Customer Satisfaction

Sometimes we cannot satisfy the clients we did the most for.

Calvin (from Calvin & Hobbes) would say: “The irony of this is just sickening.”

We did our best, the result was great, still the client is obviously unsatisfied and even angry with us.

What happened ?

There is the work done and there is the work perceived.

The mind of the customer transforms the work done as a prism.

After the work done passes thru the prism it can become a beauty or a monster.

So when we work we are fighting on 2 fronts:

  • actually doing a good work
  • building a good image of the work done in the mind of the customers

In order to accomplish the first step, we need to be highly skilled. This means study, training and sweat.

In order to accomplish the second step, it is interesting to know how a client is handled by the concierges of the world best hotels.

They treat the customers as important and precious things. They never lose temper. They never lose manners. Always keep dignity and respect.

Manners are always a powerful weapon that will help in keeping relations on the tracks of reason.

An unsatisfied (even angry) customer can give a precious help when we ask him “what you think we can do in order to solve the problem ?”

If the customer suggests a reasonable solution, everything will be ok.

If the customer requires what is unreasonable, we should explain why this cannot be done and suggest an alternate solution.

Educate your customers

Some customers are unreasonable because they don’t know how our service works - so it is our job to educate them.

A manager who requests custom software is surprised by many sides of the business:

  • specs change a lot during the process
  • there seem to be new unplanned needs every day
  • costs skyrocket. The initial budget is often a fraction of the final costs
  • it is hard to judge the quality of the final software
  • why should a yearly sum should be paid for software support ?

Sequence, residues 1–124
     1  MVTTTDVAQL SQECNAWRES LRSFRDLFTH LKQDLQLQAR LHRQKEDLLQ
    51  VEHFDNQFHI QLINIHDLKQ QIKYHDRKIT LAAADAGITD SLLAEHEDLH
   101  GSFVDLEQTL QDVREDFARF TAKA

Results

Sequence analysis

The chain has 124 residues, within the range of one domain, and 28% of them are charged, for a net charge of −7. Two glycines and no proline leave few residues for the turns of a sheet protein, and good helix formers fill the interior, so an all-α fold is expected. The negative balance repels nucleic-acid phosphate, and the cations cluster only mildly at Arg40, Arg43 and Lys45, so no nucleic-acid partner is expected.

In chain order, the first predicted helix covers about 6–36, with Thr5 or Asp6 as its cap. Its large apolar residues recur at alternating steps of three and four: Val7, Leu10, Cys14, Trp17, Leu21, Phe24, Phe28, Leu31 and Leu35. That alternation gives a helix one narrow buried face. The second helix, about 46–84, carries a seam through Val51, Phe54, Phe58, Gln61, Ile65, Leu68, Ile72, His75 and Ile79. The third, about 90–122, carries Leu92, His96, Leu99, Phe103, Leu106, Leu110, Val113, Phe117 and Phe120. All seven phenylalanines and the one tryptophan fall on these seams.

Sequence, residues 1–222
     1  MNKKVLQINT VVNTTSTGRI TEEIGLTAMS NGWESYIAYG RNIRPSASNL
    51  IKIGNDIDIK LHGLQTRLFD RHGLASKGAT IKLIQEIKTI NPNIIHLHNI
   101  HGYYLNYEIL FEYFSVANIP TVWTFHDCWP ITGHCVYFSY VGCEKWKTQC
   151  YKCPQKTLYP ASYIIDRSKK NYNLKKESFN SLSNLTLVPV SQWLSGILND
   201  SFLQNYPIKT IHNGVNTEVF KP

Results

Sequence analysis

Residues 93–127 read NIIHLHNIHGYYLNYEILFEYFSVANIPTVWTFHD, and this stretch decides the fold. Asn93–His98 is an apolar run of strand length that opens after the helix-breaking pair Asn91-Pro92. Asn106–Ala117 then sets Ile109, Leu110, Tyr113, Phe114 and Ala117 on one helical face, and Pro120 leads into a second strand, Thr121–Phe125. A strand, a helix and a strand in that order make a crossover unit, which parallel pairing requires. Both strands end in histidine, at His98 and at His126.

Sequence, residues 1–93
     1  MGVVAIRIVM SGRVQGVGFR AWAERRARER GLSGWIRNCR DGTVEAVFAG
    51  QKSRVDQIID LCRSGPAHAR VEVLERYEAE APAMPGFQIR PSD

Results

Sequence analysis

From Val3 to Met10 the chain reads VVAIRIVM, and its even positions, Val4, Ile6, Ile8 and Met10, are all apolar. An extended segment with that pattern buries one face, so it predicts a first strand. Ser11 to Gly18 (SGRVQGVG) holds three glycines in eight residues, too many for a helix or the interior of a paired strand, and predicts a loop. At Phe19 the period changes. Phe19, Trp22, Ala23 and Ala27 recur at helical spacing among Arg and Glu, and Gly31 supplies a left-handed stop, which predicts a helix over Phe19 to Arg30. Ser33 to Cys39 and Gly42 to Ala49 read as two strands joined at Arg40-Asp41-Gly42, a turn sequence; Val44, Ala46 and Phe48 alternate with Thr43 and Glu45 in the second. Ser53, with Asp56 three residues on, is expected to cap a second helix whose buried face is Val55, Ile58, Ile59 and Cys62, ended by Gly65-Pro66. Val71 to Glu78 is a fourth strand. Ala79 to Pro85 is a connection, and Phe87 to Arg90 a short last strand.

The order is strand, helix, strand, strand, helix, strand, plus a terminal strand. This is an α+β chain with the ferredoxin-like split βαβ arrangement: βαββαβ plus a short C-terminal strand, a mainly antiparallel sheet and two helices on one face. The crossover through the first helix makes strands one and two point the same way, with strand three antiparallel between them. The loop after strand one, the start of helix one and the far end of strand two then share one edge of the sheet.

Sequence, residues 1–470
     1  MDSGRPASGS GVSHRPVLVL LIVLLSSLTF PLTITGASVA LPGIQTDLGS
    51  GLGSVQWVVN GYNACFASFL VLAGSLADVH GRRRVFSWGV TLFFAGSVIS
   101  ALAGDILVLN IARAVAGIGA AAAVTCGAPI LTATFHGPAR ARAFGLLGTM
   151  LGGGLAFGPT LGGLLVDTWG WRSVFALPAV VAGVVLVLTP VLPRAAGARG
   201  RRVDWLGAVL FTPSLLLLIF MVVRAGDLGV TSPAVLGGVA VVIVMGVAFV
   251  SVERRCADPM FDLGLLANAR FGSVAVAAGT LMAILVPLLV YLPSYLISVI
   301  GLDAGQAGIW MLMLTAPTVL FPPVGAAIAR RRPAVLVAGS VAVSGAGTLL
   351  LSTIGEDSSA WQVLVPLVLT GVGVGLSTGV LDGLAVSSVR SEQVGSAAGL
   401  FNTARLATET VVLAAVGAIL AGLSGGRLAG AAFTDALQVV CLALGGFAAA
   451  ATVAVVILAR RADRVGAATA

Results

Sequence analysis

• why custom software costs many times its off-the-shelf counterpart ?

Wise software companies during the usual periodic meetings (besides showing the progress in the work done) slowly give answers to these common questions:

  • customers see the benefits of an automated system when they start using it... and want more. They can see new benefits that were not possible or even unconceivable at the start
  • several researches show that the final cost of an ERP system is 5 times the purchase cost
  • an off-the-shelf software only provides a fixed number of features. Existing features cannot be changed. New features cannot be added. Custom software can be changed or enriched with almost no limit.
  • software is expensive. However it will provide savings and benefits that have a much bigger value
  • if the company software stops, which are the costs ? A company cannot risk to be without support for mission-critical software.

The Cloud

In a few years we can probably forecast the end of distributed computing. For a company the cost of maintaining distributed software is just too stiff and troublesome. Employees will have lean and portable devices that only run a browser. All company applications will be on a central server.

This central server will probably be leased, together with its support. This will be the end of large and expensive IT departments. Most applications will be provided on a pay-per-use schema. A dramatic chance in the life of suppliers, programmers, system engineers and managers.

No chance cames without resistance. A lot of managers are worried about the privacy and safety of company data when carried away from in-house servers and stored in the cloud.

It seems reasonable that important data and programs are not allowed to go out of the company gates but … probably we need to think a bit deeper into the question.

The most important financial data of a company are already in the cloud. The banks have them in their servers.

Many of the managers who appear so conscious about company data spend very little on security. If need be, a professional hacker will penetrate the company servers in minutes. A leased server will be guarded much better.

Many of the managers who appear so conscious about company data spend very little on safety. A simple leakage from the roof could bring the company to its knees.

A server in a web farm can be leased with an option for disaster recovery. In case of arson, earthquake, downpour the company can be up and running with a very short (or even no) downtime.

Now what if company data is stolen from the cloud ? Managers know little re the progress done in the field of data security.

Most providers (including Google) scatter data into several anonimous file stored in different servers.

Even if a hacker could penetrate one of the servers, the hacker would find N files that he cannot assign to any specific owner.

Besides, data belonging to one customer are scattered on several servers worldwide for both reasons of security and safety

A hacker would have to penetrate a rather big number of servers so to gather the wanted informations... but he cannot know which servers he should access!

What about penetrating all servers ? This is unlikely: the number of servers owned by Google is estimated to 900,000 ...

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